All workers present at the bridge site at any time during 1-30 August comprised the full cohort in which we conducted a study to evaluate risk factors for histoplasmosis, including age, residency within the Mississippi or Ohio river valleys, preexisting illness, and specific job duties in persons with acute HC seroconversion. We screened workers with fever and respiratory symptoms for histoplasmosis infection by physical exam, urinary testing for H. capsulatum antigen, and acute and convalescent sera tests for antibodies to H. capsulatum by immunodiffusion and CF assays. We asked non-ill workers to submit acute sera for immunodiffusion and CF testing for antibodies to H. capsulatum.
Environmental investigation. We visually inspected the bridge site for areas of bird and bat roosting and bat guano and observed workers for use of personal protective equipment, including respirators. We obtained hourly wind direction reports for 3-5 August from the Illinois Climate Network from the nearest meteorologic field station, approximately 25 miles from the bridge site. We also reviewed blueprints for the bridge reconstruction project to uncover potential occult bird or bat roosting areas. Approximately 1 g of bat guano was collected from a dismantled bridge beam and cultured for 7 days on malt extract and V-8 agar plates for histoplasmosis.
Laboratory assays. Blood samples were collected in serum separator tubes (Becton-Dickenson, Franklin Lakes, NJ), centrifuged for 15 min at 10,000 rpm, and shipped on ice to the CDC for testing. We obtained convalescent sera 19-21 days after the acute sera; these samples were tested in parallel with the acute sera. We tested serum specimens for antibodies to H. capsulatum by immunodiffusion and CF against mycelial and yeast-form antigens (Reiss et al. 2002). Urine samples were collected in sterile specimen containers, and we tested 0.1 mL of undiluted urine for H. capsulatum var capsulatum antigen detection using a polyclonal rabbit anti-histoplasma IgG antibody EIA (Durkin et al. 1997).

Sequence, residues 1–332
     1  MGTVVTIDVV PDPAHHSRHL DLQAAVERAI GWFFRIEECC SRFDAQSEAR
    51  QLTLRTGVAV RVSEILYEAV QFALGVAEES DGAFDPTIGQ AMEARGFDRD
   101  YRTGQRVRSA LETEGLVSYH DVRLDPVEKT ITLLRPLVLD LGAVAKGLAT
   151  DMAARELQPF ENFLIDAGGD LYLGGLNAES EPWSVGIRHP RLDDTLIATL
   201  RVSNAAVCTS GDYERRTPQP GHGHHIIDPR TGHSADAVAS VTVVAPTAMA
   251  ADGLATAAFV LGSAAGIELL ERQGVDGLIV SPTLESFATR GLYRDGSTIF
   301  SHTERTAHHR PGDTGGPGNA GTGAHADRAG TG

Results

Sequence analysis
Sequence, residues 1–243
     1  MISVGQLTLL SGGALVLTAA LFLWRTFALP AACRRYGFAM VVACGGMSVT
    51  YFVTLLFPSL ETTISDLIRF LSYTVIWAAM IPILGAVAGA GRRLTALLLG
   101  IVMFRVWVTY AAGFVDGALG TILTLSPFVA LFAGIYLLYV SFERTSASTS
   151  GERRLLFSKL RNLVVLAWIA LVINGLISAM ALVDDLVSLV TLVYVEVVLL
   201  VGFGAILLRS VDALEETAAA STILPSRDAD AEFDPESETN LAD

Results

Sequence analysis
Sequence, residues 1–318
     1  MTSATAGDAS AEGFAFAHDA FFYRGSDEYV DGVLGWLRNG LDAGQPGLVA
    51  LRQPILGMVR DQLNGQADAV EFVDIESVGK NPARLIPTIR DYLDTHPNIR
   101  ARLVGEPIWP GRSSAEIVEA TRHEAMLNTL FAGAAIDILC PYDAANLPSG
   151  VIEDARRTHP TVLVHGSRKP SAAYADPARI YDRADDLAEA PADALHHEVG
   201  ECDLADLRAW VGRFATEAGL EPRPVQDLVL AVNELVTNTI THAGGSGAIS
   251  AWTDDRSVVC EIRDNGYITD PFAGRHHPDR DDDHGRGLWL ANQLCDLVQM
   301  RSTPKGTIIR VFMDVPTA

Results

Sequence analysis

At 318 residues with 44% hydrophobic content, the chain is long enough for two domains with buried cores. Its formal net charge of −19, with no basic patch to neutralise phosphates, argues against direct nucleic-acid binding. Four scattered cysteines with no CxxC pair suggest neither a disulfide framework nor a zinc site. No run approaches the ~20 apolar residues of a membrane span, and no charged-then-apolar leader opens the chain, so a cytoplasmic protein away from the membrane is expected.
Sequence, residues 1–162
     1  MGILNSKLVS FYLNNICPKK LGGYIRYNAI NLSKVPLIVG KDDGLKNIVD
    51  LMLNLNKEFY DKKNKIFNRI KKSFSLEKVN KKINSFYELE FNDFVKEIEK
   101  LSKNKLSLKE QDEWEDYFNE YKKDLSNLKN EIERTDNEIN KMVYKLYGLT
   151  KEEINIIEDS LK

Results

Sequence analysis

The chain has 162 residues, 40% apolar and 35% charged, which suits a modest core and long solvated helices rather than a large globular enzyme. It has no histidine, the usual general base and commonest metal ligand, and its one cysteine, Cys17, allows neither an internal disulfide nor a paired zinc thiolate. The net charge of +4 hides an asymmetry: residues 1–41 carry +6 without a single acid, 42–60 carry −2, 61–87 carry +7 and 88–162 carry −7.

Statistical analysis. For the 2003 cohort study, we used Epi Info 6.04D (CDC, Stone Mountain, GA) to perform univariate and stratified analysis using 95% confidence intervals (CIs) and Fisher exact test when applicable to determine differences in potential risk factors between cases and noncases.
2001 Landfill investigation. Among the 11 employees of company A, 6 met the clinical and laboratory-confirmed case definitions for histoplasmosis. Two additional employees had mild symptoms and did not meet the clinical case definition; however, both of these cases were laboratory confirmed. From company A, the attack rate for acute histoplasmosis cases was 73% (8 of 11). Nine of the 11 company A employees were from states outside the Mississippi and Ohio river valleys and started work in Illinois in mid-April 2001. Of the 7 employees of company B, none reported illness, and no specimens were tested for histoplasmosis. All employees of company B were local Macon County residents.
The dates of onset of illness for cases were 1-8 May 2001. The mean age of case patients was 31 years (range, 19-42 years), and all were men. Cough, fever or chills, and headache were the most commonly reported symptoms (Table 1). Two of the 11 case patients were hospitalized and treated with itraconazole. Four of the 5 case patients who had chest radiographs had evidence of lung nodules.
2001 Environmental study. The 64-acre landfill is located in a rural area in central Illinois and started operations in the 1970s. The site is used for municipal and industrial waste. No substantial quantities of bird or bat droppings or other substantial quantities of animal waste are trucked into the site. Although birds were present at the site, no active bird roosts were identified. The manager of the landfill reported no known previous clusters of histoplasmosis among workers at the site.